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Graffiti case shows Tunisia's new battle with free speech

Previously, public spaces in Tunisia were the preserve of state-sponsored performances. Now they are being used by artists to criticise the lack of progress in the two years since the revolution.

Tunisia, it turns out, does not consider political graffiti a public order offence, nor "harmful to the state of emergency".

Five months after being charged with just that - for graffiti that read, "The people want rights for the poor" in the industrial city of Gabes - two men from the art collective "Zwewla" were last week cleared in court. Named in Tunisian Arabic for "the poor", this art collective called the trial "an infringement of freedom of expression".

This is just one in a series of charges brought against Tunisian artists and musicians.

The rapper Weld El 15 went into hiding, though that did not stop him receiving a two-year jail sentence, in absentia, for a song criticising the police. A cameraman and actress were both given six month suspended sentences for their involvement in the same track, which called the police "dogs".

Meanwhile, two artists face sentences of up to five years for harming public order and morals over their work, featured in an art exhibition just outside Tunis last year.

Nadia Jelassi and Mohamed Ben Slama both became the focus of ultrareligious protest at a spring arts festival: artworks were vandalised, death threats were issued as the country experienced some of its worse riots since 2011 over the exhibition, with hardline protesters setting police stations and other government buildings on fire.

It all looks like a new frontier for political conflict, as the Islamist-led coalition government applies old regime-era laws to a new-found freedom of expression. Tunisian arts - particularly as public display, in the form of street dance, theatre or graffiti - have become more visible in the years after the revolution which ousted the Western-backed dictator, Zine El Abidine Ben Ali in January 2011.

Previously, public spaces were the preserve of state-sponsored performances; now they are being used by some artists - such as Zwewla - to criticise the lack of progress in the two years since.

"Their graffiti wasn't anything supposed to be forbidden - it wasn't violent or obscene, but just the social reality of unemployment," says Selima Karoui, visual artist, university art teacher and journalist with Tunisian collective blog, Nawaat.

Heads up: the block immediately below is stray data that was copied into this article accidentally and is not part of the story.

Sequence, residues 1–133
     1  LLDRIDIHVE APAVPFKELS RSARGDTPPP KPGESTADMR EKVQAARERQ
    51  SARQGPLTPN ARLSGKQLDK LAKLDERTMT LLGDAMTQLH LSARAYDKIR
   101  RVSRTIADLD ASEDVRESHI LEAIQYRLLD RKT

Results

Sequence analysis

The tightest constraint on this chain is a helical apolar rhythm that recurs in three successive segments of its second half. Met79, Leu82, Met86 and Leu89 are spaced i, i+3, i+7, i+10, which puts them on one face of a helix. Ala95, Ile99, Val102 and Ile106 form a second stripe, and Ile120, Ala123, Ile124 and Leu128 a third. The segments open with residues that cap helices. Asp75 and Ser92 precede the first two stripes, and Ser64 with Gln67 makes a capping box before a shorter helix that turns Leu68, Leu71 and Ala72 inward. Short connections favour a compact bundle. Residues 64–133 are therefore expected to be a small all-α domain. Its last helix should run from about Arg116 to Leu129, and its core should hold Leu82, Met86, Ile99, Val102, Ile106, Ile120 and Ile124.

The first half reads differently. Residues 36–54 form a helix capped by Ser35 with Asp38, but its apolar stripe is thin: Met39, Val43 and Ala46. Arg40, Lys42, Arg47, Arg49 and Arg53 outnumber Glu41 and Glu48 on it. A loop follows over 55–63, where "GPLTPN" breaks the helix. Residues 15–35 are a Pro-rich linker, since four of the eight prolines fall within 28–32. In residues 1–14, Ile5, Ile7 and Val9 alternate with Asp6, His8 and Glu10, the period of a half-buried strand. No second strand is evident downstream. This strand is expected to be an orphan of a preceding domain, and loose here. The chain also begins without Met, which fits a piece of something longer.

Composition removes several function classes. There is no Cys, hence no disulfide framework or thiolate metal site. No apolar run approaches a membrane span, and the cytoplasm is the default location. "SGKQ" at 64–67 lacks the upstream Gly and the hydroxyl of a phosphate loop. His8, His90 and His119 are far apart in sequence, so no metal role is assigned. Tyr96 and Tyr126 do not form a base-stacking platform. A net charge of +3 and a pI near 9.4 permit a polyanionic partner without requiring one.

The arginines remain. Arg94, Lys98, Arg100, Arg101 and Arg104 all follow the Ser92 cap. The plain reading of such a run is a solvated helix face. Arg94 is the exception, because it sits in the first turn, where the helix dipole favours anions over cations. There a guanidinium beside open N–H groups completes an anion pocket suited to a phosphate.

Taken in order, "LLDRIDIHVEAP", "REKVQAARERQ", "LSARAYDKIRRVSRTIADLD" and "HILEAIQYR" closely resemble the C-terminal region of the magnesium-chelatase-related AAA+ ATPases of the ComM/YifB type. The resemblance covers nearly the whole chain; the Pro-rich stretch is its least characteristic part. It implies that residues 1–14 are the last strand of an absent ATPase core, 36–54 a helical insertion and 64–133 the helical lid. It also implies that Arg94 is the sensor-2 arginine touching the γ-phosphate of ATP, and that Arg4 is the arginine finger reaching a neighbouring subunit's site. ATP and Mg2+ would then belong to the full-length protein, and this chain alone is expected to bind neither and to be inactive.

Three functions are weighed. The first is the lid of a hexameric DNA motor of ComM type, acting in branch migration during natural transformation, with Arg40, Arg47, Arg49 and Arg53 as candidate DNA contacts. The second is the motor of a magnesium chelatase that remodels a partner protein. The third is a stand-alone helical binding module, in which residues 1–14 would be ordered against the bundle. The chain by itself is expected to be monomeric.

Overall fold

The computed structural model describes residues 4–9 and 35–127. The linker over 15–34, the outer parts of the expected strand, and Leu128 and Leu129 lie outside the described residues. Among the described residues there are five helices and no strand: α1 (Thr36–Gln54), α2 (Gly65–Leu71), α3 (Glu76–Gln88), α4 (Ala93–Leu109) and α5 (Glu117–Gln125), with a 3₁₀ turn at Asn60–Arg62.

"It was about creating awareness of this issue, and that isn't a good thing for people in power."

Indeed these are themes that often emerge in new Tunisian culture, because the are expressions of broader public concern: late last month, a Tunis street vendor died after setting himself on fire - a stark replica of the actions of Mohamed Bouazizi, whose actions two years ago sparked the Tunisian revolution.

Unemployment in Tunisia runs at 17 per cent, rising to 30 per cent in the country's neglected interior and among its educated youth. The government faces rising criticism over a failure to create more work, tackle escalating prices or deal with the straitjacket of public debt.

The trouble is that the government, led by the Islamist Ennahda party, is seen as biased in coming down hard on cultural protest while doing nothing about the escalating instances of political violence - which culminated in the assassination of opposition figure Chokri Belaid in February.

A report released by Human Rights Watch days before that killing had warned about the rise in assaults on journalists, intellectuals, artists and human rights activists by "individuals or groups who appeared to be motivated by a religious agenda".

The report states that victims of such assaults filed reports at police stations that seemed "unwilling or unable to find or arrest the alleged attackers". In Tunisia, there's a feeling - which Ennahda needs to dispel, with action - that the party panders to ultrareligious Salafi groups on the streets, whose agenda is not entirely disagreeable to the Islamist party in power.

And while some of the opposition to Ennahda may just be a knee-jerk hostility informed by years of enforced secularism under the former regime, there is a growing need to address genuine grievances to stop this discontent cementing into a deep division within Tunisia.

In the sphere of cultural expression, some Tunisians think that, in the recent legal affronts to free speech, the government has simply misjudged the public mood.

"People are different now," says Rim Temimi, a photographer whose images on the Tunisian uprisings were sent around the world. "The government is out of touch - you cannot control Tunisians with these things anymore."


Rachel Shabi is a journalist and the author of Not the Enemy - Israel's Jews from Arab Lands

On Twitter: @Rachshabi

Updated: April 26, 2013 04:00 AM



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